Other current and past programs include forums on Palestine and Zionism, AIDS, American Indians, Hispanic multilingual cartoons, and SAFEZONE training to increase tolerance for different sexual orientations.

Community service is now a required component of the core curriculum.

The University is a founder of Project Pericles, a coalition of colleges explicitly committed to encouraging lifelong engagement by citizens in democratic processes.

Freeman Hrabowski to Speak on Cultural Diversity as Key to International Competitiveness

Freeman A. Hrabowski, PhD, president of the University of Maryland – Baltimore County (UMBC) and one of the few African-Americans to run a predominantly white research institution will speak about “Fostering Inclusion in Academia”

FOR IMMEDIATE RELEASE

** MEDIA ADVISORY**

EDUCATION INNOVATOR TO WARN
THAT CULTURAL DIVERSITY IS KEY
TO INTERNATIONAL COMPETITIVENESS

Innovative African-American president of University of Maryland/Baltimore County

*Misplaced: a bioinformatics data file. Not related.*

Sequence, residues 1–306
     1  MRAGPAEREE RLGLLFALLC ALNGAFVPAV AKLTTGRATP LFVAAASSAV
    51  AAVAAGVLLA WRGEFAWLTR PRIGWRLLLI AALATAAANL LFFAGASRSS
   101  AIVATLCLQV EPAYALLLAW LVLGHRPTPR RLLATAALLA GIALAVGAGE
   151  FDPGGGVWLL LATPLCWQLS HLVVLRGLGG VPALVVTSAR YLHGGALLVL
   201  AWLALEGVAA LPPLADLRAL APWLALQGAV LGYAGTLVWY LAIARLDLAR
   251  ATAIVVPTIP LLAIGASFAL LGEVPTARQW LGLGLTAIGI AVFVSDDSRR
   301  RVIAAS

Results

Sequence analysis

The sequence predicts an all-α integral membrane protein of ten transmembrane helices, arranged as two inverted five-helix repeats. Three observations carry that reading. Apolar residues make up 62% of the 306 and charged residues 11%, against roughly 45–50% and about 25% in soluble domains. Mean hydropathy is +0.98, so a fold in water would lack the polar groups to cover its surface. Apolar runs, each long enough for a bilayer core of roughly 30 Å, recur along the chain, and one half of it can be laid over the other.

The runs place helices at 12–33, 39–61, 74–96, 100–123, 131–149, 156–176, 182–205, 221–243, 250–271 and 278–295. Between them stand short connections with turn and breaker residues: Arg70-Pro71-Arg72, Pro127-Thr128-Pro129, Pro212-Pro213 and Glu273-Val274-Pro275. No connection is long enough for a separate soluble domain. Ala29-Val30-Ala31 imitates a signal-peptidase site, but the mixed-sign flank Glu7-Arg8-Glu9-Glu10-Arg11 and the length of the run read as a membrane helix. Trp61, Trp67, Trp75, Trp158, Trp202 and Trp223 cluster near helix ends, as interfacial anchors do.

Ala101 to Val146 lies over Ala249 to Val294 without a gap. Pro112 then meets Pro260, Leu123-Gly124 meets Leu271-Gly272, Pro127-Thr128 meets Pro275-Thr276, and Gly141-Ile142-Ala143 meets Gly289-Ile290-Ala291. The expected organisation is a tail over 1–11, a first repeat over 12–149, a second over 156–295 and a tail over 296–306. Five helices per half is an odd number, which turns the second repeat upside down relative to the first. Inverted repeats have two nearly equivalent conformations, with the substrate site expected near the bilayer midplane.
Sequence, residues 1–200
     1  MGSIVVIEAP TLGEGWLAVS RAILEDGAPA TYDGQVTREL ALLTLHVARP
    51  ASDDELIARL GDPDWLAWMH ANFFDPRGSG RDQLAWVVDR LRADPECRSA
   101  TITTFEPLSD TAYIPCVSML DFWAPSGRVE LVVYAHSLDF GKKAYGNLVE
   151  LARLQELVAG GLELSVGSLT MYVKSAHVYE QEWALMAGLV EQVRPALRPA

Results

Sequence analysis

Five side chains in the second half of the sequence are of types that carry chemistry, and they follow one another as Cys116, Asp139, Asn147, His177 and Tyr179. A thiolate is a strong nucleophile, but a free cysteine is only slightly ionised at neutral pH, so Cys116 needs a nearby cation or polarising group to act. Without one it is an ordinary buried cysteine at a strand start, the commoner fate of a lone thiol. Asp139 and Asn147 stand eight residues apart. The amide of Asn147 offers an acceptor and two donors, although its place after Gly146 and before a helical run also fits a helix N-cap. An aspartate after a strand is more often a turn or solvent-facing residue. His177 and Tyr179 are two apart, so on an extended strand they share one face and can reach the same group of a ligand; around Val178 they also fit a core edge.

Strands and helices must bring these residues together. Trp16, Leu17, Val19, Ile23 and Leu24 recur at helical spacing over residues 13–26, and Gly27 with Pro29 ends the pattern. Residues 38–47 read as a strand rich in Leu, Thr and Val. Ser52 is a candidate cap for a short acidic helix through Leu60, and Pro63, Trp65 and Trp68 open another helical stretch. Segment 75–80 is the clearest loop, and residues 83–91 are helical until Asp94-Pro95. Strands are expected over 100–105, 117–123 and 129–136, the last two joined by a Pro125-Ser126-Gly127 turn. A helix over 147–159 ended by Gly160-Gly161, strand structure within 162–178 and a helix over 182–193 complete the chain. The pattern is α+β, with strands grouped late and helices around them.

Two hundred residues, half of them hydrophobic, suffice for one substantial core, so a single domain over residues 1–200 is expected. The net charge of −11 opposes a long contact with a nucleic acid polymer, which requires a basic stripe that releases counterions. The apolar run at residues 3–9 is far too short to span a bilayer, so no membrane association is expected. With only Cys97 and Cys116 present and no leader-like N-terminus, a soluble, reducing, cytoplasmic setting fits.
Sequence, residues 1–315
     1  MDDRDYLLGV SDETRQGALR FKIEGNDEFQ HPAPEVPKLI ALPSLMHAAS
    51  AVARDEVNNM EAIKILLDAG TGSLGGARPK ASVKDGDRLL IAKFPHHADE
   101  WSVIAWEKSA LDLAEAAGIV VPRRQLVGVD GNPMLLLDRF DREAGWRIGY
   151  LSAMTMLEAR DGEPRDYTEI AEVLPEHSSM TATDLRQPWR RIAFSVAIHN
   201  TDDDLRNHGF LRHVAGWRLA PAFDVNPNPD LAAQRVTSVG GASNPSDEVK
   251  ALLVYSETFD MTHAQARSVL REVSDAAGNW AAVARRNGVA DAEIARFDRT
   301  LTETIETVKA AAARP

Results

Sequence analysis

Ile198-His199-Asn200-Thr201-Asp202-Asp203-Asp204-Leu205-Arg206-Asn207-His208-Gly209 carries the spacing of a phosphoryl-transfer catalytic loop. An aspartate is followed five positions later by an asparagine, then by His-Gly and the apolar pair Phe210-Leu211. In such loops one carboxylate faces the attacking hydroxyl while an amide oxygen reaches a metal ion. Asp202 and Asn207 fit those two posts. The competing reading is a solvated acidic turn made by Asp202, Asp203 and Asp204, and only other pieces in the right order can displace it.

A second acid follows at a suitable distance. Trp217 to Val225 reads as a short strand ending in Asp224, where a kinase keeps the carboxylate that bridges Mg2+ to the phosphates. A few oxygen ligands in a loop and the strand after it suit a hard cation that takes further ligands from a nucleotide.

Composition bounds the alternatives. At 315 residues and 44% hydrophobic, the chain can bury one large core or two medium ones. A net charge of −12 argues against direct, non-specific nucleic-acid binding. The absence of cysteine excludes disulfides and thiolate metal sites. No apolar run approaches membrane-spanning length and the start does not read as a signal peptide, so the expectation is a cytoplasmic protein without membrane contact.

to discuss lessons for widening inclusion
in Centennial speech at Pace University

WHO: Freeman A. Hrabowski, PhD, president of the University of Maryland – Baltimore County (UMBC) and one of the few African-Americans to run a predominantly white research institution will speak about “Fostering Inclusion in Academia”

WHEN: February 9, 2006, 12:00p.m.

WHERE: Pace University
One Pace Plaza, Multi-Purpose Room
New York, NY
* This event is free and open to the public
** Attending media must be credentialed

WHAT: Kicking off Black History Month, Freeman Hrabowski will join forces with Pace to speak about the United States’ capacity to respond to and embrace its growing diversity as a major determinant of global competitiveness. Hrabowski believes that colleges and universities will have a central role to play in preparing Americans for these changes.